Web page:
“RBI has created a differentiated banking licenses to address government’s financial inclusion agenda in India. Both Government and RBI recognise the distribution strength of telecom companies like Vodafone,” says Sethi.
“Regulatory frameworks are protective in nature, as consumers are more likely to adopt mobile wallet payments if they are confident that the provider most likely the mobile wallet company has taken the appropriate steps to protect their funds and confidential account information,” adds ePaisa’s Siddharth Arora.
Driving numbers for the future
Now, this is the biggest challenge. We have the initiatives in place, but driving numbers in India could come with a certain degree of difficulty.
“You need to be better for the consumer, you need to be better for the merchant – it’s important to have both perspectives. For both consumer and merchant the key question is why digital wallet is better than cash. For the consumer it needs to be faster, more secure and more rewarding, For the merchant it needs to save time and cost, and importantly give merchants new streams of revenue through world class analytics,” explains Rajan. Freecharge has begun road testing several new technologies and believes that for such an industry short term plans are more beneficial.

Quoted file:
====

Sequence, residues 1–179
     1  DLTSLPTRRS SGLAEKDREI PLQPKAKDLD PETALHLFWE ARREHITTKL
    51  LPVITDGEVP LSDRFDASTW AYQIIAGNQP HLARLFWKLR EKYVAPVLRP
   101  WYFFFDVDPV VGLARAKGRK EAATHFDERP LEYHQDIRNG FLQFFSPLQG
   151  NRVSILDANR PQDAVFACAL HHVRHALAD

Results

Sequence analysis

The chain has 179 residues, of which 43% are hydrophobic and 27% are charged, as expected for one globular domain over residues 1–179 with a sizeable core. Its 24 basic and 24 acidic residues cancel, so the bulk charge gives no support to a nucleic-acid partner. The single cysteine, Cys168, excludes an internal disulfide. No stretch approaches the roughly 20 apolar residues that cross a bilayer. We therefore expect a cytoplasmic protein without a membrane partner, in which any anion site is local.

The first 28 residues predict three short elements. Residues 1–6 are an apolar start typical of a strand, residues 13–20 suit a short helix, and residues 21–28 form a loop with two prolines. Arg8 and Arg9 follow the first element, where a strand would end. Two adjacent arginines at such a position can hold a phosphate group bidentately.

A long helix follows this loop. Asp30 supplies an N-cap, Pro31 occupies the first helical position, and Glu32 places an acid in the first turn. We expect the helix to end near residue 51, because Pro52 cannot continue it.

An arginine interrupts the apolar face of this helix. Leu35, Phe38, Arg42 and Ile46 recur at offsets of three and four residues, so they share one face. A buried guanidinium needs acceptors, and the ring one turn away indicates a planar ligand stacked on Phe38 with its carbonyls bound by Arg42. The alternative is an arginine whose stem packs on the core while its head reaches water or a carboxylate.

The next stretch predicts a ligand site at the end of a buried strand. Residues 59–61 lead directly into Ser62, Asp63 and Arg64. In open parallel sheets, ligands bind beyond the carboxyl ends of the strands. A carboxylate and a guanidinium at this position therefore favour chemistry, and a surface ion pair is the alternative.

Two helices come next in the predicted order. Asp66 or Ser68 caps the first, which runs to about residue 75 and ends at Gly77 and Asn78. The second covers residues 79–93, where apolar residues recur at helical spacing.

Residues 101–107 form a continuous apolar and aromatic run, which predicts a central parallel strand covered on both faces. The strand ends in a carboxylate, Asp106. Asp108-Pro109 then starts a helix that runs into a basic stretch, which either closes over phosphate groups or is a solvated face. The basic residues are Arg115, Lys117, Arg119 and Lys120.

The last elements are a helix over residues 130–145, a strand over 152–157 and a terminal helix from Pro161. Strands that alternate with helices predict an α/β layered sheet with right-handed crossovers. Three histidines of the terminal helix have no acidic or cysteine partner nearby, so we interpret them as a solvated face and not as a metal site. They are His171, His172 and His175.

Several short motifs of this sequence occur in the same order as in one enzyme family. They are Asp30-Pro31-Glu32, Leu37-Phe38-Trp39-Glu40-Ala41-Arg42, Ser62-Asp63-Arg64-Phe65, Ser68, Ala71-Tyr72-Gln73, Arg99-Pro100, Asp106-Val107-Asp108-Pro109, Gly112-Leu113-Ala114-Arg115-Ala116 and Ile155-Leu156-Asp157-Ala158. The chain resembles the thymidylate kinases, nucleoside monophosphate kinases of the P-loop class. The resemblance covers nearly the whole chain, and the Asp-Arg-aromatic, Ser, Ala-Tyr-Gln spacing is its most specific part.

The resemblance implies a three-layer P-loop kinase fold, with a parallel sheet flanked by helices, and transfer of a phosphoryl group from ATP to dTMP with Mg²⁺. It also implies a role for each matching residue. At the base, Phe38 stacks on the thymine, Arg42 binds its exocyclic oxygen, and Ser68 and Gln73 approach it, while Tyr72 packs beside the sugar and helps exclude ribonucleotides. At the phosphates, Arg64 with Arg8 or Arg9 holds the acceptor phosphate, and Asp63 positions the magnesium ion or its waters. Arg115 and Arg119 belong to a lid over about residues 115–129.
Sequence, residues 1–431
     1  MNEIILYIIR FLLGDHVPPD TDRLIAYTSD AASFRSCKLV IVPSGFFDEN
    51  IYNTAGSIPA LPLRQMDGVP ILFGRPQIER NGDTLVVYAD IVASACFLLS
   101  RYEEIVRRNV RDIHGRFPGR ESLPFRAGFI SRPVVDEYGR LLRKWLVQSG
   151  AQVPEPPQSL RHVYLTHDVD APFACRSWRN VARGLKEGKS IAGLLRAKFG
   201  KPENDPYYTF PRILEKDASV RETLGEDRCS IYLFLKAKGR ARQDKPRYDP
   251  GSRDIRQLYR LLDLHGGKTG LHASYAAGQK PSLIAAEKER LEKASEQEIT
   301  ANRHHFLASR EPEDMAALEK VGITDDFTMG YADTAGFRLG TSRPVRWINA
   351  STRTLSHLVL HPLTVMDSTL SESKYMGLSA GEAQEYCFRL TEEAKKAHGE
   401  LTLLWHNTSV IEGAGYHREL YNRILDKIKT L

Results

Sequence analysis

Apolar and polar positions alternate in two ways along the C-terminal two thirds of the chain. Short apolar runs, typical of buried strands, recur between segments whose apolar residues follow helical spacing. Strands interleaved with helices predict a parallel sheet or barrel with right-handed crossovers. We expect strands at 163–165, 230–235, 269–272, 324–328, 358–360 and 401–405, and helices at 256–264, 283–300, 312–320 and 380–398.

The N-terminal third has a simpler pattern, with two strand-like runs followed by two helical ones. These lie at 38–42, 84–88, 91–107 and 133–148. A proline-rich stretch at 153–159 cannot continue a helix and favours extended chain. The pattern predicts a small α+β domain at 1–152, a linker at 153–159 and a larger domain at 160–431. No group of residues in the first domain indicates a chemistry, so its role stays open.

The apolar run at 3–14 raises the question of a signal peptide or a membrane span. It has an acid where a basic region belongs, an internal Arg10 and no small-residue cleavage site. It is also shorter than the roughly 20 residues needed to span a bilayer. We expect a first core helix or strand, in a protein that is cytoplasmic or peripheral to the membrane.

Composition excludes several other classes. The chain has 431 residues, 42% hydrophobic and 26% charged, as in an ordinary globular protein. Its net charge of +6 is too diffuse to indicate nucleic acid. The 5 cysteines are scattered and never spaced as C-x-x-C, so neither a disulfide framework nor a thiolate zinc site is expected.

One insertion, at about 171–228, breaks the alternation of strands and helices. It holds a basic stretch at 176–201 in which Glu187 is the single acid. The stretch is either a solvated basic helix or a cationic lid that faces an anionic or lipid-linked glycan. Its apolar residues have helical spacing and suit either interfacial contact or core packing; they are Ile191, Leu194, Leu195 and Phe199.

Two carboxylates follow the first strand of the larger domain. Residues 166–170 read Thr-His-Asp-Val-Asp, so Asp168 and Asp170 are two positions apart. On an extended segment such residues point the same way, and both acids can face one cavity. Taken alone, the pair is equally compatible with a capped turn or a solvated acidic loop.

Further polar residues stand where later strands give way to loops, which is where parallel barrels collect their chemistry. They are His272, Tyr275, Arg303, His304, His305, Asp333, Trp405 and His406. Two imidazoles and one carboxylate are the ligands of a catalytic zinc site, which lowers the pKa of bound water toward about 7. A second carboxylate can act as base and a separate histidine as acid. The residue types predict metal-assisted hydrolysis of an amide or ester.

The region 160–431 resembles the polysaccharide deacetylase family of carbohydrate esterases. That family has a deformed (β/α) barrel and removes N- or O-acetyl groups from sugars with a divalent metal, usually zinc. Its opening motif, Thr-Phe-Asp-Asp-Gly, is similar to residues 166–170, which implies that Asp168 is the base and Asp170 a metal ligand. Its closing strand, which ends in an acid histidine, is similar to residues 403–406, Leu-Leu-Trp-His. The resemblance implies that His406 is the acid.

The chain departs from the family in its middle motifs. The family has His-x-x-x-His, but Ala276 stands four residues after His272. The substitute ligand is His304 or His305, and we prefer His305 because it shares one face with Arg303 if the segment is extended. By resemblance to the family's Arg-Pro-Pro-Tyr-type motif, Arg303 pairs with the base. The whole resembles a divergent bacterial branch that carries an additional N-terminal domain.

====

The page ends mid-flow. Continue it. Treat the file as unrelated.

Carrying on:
Gupta tells us that Citrus pay is focusing on social commerce payments heavily wherein any small seller or consumer will be able to collect payment through social channels and also market its products using Citrus platform.
Vodafone is looking to take mobile wallets to remote places via its ‘M-pesa’ agents. “With over 95,000 ‘M-Pesa’ agents, we are already providing people in remote areas a convenient way to, transfer money and make payments in a safe and secure manner. We have partnered with several government bodies to run pilots for enabling direct transfer of wages/subsidies. We are grateful to the RBI for giving us the licence for setting up a payment bank,” adds Sethi.